Personal Experience: My Experience In Shadowing And Shadowing

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As physicians, we are foundations for our patients. We become sources of strength and emotional security for them, in trying times. We do more than fix others back to health (spotting signs of illness, giving diagnoses, drugs or treatment). We must understand the concerns of those we help and be there for our patients—through pain and sorrow. ================ In short, the practice of medicine requires we become always better caregivers—and always better people, in turn. This is what my experiences in shadowing and volunteering have taught me—and it is a truth I take to heart. ================ I was first exposed to medicine while physician shadowing in grad school. I shadowed Dr. Isaac Kim, aurologist at the Cancer Institute of New Jersey. …show more content…

I wanted the challenge of being a docotor; and I wanted to have a meaningful impact in others’ lives, as well. Dr. Kim was the first of many along my career path who inspired me, this way. As such my shadowing of Dr. Kim was, for me, my entrance into the field of medicine. I was on the path I wanted to walk. ================ There would be challenges, for sure. But I was ready. I was ready to learn and do whatever I had to to ensure I was a foundation for others. ================ Then came my first challenge: working for a hospice. Here is where I learned harsh realities that no schooling could prepare me for. The hospice was difficult for me, at first. It was hard to speak with patients suffering from memory loss, dementia, anxiety, depression, or other disordes. It was hard to experience death on a regular basis; the death of patients that I interacted with and started to befriend. I had to learn to keep a fixed, professional demeanor to mask my sorrows (for my displays of sadness could affect the other patients). I had to foster a personal, caring commttment toward the patients—without becoming too personally attached, myself. …show more content…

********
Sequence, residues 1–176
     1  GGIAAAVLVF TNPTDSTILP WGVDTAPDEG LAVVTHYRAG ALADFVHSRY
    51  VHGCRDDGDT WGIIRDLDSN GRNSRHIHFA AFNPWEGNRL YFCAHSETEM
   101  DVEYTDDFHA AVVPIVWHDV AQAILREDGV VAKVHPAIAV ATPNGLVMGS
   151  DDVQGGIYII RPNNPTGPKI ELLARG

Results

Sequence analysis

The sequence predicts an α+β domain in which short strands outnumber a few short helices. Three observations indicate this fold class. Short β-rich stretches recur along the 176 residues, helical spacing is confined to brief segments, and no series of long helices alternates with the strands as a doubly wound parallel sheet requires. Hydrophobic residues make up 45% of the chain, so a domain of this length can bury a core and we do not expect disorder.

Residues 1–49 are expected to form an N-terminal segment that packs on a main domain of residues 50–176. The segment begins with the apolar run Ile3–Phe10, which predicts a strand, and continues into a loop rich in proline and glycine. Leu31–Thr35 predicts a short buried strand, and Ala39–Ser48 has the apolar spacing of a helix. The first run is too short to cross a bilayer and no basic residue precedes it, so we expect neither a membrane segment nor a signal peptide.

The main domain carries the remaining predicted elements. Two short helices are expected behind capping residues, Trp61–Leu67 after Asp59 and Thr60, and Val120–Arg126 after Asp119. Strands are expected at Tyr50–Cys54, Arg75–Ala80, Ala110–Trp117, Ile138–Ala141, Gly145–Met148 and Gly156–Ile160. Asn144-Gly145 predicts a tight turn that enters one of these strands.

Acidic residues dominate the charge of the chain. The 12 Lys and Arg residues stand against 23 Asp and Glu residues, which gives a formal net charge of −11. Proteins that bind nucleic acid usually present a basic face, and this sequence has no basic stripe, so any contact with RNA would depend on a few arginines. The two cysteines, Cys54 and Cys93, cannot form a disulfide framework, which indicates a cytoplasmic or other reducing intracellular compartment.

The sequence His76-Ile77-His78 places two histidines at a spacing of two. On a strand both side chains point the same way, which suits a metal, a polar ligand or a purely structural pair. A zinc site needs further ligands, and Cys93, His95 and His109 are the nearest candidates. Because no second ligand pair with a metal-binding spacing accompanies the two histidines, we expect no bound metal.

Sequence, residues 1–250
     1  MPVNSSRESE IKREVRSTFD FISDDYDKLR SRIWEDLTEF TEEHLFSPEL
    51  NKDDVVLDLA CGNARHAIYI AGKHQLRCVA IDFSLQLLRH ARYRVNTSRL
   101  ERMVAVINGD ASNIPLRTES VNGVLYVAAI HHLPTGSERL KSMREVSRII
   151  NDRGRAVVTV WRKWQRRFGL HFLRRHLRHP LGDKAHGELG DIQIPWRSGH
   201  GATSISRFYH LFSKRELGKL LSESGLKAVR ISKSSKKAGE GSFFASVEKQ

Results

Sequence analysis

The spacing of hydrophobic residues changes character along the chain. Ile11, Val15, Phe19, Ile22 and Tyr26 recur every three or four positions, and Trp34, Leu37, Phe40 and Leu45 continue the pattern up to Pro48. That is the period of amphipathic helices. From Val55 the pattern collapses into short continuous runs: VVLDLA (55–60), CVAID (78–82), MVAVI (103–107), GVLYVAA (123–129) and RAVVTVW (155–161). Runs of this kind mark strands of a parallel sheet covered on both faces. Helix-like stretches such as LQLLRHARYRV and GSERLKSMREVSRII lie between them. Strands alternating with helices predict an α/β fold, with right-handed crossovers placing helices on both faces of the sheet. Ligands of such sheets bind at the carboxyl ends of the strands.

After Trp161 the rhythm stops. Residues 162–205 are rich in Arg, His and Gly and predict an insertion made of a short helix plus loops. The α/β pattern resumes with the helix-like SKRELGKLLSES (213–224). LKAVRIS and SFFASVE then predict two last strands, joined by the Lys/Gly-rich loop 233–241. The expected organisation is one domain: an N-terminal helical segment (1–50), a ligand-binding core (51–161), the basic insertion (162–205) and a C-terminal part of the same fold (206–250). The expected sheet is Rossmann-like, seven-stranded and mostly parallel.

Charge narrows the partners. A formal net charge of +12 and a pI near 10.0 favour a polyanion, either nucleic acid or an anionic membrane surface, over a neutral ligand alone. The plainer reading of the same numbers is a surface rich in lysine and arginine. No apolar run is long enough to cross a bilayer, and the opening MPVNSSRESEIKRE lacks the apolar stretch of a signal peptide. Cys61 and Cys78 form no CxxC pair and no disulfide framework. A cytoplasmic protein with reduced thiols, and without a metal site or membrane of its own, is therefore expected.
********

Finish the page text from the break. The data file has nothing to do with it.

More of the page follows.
Every time I walk past room 215 I’m reminded of what happened that day, so early in my career. ================ I had just walked into Annie’s room to find her screaming in pain. I ran to find the supervising nurse and rushed back to comfort Annie. Shortly after, the nurse came, fed Annie her medications, and walked out. Not a word was said. But I knew Annie was afraid, confused, upset; managing deep pain in her body. I knew she did not want to be alone, so I stayed beside her for a while, holding her hand until she fell asleep, telling her she would be okay. ================ For a few days after she seemed recovered, happy to see me and her mood was livened. But the following week, I passed by Annie’s room again. ================ Suddenly her bed was empty. Her room was empty. The nametag on her door was gone. Annie slept most of the weekend and, one day, just didn’t wake up. She was gone. I was shattered. ================ I wished I could have helped her more, if just to better her last moments on Earth. With all my hours in clinical shadowing or volunteering, with all my coursework as a graduate student in biomedical engineering—I was not preparred for this. I was not ready to cope with the sense of powerlessness I felt that day.

In this essay, the author

  • Opines that physicians are foundations for their patients. they become sources of strength and emotional security for them, in trying times.
  • Opines that the practice of medicine requires us to become always better caregivers and better people. their experiences in shadowing and volunteering have taught them this truth.
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